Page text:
Wednesday, March 23, 2011

I don't agree with this


http://www.myfoxphilly.com/dpp/news/education/032111-peanut-allergy-case-hits-raw-nerve

A controversy over peanut allergies at a Florida elementary school hits home in the Fox 29 viewing area, as viewers have a field day with a touchy issue.
In Volusia County, Florida, Edgewater Elementary school is banning anything and everything with peanuts in it, to protect a student with a severe allergy.
That includes peanut butter, one of the main ingredients in the classic peanut butter and jelly sandwich and so many snacks and candies in so many kids' lunch boxes.
But even allergy experts are questioning whether the school went too far here.
Some parents at that school are convinced of it, so they picketed outside. But school officials are sticking to their plan.
They're requiring students to wash their hands every time they enter the classroom. The kids also have to rinse their mouths out, at the start of the day and after lunch.
And teachers have to make sure desks are getting wiped down constantly.
Our Facebook page had more than 100 comments on an issue that many parents take personally.
We also spoke with some viewers who thought the ban raised civil liberties questions.
"It's over the top, because once you ban peanuts from there, that's kind of reasonable," said Daniel john of Norristown. "But what else would you ban? Like, if someone's allergic to milk or cheese or anything else, are they going to make every student wash their mouth out then?"
"We're talking about a peanut allergy, something that's individual to that kid," said Ruth Henri of Vorhees, N.J. "I don't think it's something that's contagious. I mean if we were talking about some type of contagious disease, yeah I can see that. But, doesn't make any sense."
Cyndi Herbert of Media is more sympathetic.
"If it's a risk of a child's life, then i guess you have to comply. You got to think, put your own child in the situation, how would you want somebody to react to your child as well. Could be an inconvenience to some, but you gotta think of the child at the end of the day."
Mital Sheth says the school should be able to handle the issue.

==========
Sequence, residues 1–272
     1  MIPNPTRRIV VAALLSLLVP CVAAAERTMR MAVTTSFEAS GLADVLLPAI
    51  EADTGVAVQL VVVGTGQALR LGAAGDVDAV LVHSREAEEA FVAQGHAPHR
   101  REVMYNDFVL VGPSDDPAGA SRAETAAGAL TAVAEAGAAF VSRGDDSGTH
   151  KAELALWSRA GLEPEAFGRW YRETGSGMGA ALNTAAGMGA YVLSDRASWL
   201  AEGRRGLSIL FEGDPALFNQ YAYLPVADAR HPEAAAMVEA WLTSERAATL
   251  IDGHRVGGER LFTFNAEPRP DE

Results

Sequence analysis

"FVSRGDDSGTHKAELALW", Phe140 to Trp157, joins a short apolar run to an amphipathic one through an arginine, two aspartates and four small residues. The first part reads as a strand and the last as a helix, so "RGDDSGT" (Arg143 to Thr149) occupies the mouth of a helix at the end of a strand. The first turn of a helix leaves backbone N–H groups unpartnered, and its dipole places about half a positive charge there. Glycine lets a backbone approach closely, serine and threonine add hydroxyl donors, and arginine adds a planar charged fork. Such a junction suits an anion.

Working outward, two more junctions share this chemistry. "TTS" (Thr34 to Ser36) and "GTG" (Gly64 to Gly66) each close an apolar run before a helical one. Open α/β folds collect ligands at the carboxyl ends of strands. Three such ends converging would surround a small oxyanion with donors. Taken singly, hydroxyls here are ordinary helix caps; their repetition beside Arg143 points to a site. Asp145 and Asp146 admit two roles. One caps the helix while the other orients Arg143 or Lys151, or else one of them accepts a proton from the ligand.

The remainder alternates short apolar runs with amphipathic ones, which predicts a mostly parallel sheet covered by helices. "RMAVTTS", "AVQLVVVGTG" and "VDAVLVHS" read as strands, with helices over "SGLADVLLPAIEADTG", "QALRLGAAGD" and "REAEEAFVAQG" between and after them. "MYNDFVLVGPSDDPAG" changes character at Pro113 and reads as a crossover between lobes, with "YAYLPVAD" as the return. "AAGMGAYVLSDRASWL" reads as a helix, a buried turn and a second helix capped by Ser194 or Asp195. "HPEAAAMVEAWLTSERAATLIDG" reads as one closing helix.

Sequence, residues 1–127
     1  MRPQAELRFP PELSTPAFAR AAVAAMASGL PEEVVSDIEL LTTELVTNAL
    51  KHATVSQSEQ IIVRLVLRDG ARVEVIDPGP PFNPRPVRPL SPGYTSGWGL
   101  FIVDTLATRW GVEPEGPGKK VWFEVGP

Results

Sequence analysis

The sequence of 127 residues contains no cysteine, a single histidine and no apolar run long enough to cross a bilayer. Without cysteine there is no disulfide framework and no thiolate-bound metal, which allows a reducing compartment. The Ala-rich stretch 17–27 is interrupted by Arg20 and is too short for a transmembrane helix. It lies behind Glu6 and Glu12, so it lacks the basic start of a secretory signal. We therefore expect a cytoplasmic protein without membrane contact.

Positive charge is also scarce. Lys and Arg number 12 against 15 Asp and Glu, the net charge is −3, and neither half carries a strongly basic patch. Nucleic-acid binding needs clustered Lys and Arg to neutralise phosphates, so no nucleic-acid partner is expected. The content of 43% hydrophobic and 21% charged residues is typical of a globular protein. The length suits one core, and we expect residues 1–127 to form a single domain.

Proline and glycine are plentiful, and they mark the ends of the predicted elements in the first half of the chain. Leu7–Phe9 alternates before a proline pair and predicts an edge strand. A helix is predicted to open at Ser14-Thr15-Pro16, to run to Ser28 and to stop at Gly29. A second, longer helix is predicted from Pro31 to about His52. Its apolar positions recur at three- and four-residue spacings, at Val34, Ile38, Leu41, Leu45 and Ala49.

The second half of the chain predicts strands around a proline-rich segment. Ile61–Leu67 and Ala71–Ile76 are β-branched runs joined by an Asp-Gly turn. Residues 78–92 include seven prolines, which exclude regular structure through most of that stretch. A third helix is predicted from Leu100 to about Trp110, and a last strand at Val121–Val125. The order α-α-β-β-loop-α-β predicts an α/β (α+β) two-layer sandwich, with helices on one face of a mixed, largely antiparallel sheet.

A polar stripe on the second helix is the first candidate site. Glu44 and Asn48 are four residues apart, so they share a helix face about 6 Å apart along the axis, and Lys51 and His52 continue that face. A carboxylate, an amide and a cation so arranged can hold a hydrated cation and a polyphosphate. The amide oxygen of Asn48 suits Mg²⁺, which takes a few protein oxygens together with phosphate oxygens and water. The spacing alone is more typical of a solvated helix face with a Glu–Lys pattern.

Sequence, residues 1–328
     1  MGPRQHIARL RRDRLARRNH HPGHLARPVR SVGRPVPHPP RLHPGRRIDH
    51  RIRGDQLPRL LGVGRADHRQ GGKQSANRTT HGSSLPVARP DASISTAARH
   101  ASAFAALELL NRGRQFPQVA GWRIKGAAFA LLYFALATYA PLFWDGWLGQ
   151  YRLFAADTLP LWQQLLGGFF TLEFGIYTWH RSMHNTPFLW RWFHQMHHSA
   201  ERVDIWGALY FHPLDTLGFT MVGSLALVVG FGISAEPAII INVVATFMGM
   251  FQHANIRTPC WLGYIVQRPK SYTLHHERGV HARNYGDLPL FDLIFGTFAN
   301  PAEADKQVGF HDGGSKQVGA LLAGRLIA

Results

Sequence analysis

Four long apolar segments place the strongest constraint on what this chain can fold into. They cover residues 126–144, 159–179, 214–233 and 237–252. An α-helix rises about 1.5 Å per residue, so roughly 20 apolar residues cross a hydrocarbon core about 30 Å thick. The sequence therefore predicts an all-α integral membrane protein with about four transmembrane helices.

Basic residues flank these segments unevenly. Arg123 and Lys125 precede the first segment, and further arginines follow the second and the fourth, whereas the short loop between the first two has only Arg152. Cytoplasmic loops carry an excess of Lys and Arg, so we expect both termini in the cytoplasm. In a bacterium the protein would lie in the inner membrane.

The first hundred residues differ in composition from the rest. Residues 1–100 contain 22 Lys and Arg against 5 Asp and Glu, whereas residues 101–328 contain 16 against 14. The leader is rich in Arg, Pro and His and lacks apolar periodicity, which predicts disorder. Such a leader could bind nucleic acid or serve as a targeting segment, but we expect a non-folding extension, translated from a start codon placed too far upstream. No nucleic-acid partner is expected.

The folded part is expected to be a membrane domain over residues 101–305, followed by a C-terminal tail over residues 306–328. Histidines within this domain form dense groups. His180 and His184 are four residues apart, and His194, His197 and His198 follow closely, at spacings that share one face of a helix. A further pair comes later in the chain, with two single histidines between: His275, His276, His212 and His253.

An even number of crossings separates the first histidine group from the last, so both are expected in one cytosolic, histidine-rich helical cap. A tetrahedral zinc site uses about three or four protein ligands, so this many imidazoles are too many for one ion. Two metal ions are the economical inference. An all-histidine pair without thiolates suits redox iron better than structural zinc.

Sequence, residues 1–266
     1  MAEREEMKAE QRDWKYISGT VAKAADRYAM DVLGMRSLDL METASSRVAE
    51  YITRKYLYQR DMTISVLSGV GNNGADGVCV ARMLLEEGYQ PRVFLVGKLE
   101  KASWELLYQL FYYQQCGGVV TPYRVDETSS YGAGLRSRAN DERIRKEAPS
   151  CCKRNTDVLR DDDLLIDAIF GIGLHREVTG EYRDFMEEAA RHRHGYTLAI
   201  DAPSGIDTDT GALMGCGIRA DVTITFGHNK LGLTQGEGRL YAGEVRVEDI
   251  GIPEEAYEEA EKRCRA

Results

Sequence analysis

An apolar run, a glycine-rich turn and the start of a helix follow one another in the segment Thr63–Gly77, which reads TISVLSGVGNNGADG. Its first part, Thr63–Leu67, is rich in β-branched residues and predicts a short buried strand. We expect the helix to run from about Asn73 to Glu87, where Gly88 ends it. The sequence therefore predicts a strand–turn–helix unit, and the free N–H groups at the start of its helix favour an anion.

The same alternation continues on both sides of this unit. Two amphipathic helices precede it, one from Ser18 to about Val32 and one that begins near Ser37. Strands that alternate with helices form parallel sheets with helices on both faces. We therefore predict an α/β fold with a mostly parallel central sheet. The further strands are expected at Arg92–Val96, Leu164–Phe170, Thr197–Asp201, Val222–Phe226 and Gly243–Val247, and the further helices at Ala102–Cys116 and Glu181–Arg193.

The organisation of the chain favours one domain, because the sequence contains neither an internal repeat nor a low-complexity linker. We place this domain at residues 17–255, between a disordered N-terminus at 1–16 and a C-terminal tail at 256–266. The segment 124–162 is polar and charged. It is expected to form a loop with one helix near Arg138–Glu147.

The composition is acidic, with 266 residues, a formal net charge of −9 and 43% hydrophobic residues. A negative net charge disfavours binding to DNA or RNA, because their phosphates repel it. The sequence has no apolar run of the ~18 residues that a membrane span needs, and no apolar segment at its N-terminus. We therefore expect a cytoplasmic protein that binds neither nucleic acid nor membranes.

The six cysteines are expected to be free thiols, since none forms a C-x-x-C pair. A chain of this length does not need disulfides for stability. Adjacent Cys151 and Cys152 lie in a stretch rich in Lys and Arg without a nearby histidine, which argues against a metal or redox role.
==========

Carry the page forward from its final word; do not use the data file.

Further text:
"I have a friend who actually has a severe peanut allergy, and I grew up with him since 5th grade. And if he ate any peanut, throwing up all night, would have to go to the hospital, everything. And the entire school didn't have to do that, he just paid really close attention. And they just kept an extra eye open for him, in case he had a severe allergy at school."

My child dying from accidentally ingesting peanuts is my worst nightmare.

www.huffingtonpost.com/2011/03/20/katelyn-carlsons-family-s_n_838110.html?just_reloaded=1

On the last day before winter break at the selective Edison Regional Gifted Center school in Albany Park, 13-year-old Katelyn Carlson died after going into anaphylactic shock in school. The cause: Chinese food ordered as a celebration for her class.
Now, ABC reports, the Carlson family is suing the restaurant that provided the food, the Chinese Inn in Niles, for using peanuts in its preparation despite explicit requests not to.
According to the lawsuit, Chicago Public Schools officials were aware of Katelyn's acute allergy to peanuts. When teacher Jack Matsumoto ordered from Chinese Inn, he asked to be sure that no peanut products would be used in the food's preparation, the Chicago Tribune writes.
But lab testing on the food after the fact revealed that it did indeed conain trace amounts of peanut products, the Associated Press reported Saturday.
The wrongful death suit, which seeks an undisclosed amount above $100,000 in damages, was filed last Thursday in Cook County Circuit Court.